Monthly Archives: September 2017

Rome’s anathemas against those who believe in justification by faith alone

Protestants are often accused of being arrogant, intolerant Catholic-bashing bigots when we point out that Rome’s gospel, being as it is “another gospel” (Galatians 1:6-9), is a false and damnable one. Many evangelicals today seem to be oblivious to the fact that it was actually the church of Rome whom had officially anathematized Protestants as far back as the sixteenth-century at the Council of Trent. In other words, if we are “Catholic-bashers”, they were “Protestant-bashers” first. It is for this reason that Rome’s not-so-tolerant response to the reawakening of the true gospel was appropriately termed the Counter-Reformation. Naturally, if the gospel of grace which imputes sinners with the righteousness of Christ by virtue of His propitiatory work with no help of the sacramental sorcery of priestcraft, then the church of Rome is out of business.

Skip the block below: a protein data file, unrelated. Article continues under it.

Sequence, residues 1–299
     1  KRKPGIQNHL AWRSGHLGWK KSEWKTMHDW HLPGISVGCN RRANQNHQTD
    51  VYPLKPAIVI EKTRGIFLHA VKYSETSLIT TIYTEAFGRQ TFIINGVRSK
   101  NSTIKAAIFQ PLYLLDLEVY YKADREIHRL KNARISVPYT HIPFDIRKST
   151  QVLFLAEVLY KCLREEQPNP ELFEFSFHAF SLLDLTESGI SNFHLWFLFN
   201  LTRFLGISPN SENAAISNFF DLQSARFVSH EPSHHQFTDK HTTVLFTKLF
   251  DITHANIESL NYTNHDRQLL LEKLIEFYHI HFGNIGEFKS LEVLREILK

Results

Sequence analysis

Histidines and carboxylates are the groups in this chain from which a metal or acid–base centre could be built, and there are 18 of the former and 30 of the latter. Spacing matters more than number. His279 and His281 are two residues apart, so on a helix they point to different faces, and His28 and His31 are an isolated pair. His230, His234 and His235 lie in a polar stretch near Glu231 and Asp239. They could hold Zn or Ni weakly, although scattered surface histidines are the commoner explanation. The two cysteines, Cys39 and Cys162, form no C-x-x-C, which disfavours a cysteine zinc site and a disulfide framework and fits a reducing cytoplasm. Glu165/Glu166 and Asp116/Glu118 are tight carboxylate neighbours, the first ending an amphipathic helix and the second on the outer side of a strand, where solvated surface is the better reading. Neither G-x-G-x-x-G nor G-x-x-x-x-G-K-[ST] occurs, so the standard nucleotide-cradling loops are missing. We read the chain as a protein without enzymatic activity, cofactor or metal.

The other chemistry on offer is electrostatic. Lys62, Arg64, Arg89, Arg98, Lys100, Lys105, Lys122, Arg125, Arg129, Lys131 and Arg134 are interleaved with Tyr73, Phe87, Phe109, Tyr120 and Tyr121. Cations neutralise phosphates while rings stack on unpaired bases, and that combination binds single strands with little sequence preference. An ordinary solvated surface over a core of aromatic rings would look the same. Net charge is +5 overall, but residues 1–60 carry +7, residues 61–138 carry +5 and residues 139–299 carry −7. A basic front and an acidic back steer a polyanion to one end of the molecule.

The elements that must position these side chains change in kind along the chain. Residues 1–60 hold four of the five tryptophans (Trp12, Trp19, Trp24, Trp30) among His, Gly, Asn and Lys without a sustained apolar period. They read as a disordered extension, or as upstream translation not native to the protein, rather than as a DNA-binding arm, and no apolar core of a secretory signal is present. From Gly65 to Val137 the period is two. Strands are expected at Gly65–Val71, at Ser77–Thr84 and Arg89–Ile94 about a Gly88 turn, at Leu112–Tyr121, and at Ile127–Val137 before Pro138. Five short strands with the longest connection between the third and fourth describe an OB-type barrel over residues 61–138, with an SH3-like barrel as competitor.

In actual fact, and in contrast to Rome’s well-documented history of literally bashing Protestant skulls, we do not wish to “bash” anyone but seek to faithfully uphold and proclaim the plain, unequivocal gospel of Christ’s all-sufficient (Hebrews 10:12), once-for-all (1 Peter 3:18) atoning work at Calvary for the sins of God’s elect. Continue reading…

The man in Romans 7

Whether the Apostle Paul—speaking in the first person—is referring to himself as a regenerate man in Romans 7:14-25 or as yet his unregenerate state has historically been an area of disagreement among theologians. Of course, I make no pretense of being able to contribute anything new to help settle the debate, but I am persuaded that this latter half of Romans 7 is referring to Paul as regenerate.

A recent article by Fred Malone was particularly beneficial to me, but first, a few samples to show the diversity of opinions on this passage.

Initially, I imagined that the differences of opinion with regards to Romans 7 may have been the result of differing theological persuasions and presuppositions. While there does indeed appear to be a correlation between the “sinless perfectionists” and the conviction that Paul cannot be describing a believer, such a conclusion does not appear to be a necessary consequence of one’s soteriology. Continue reading…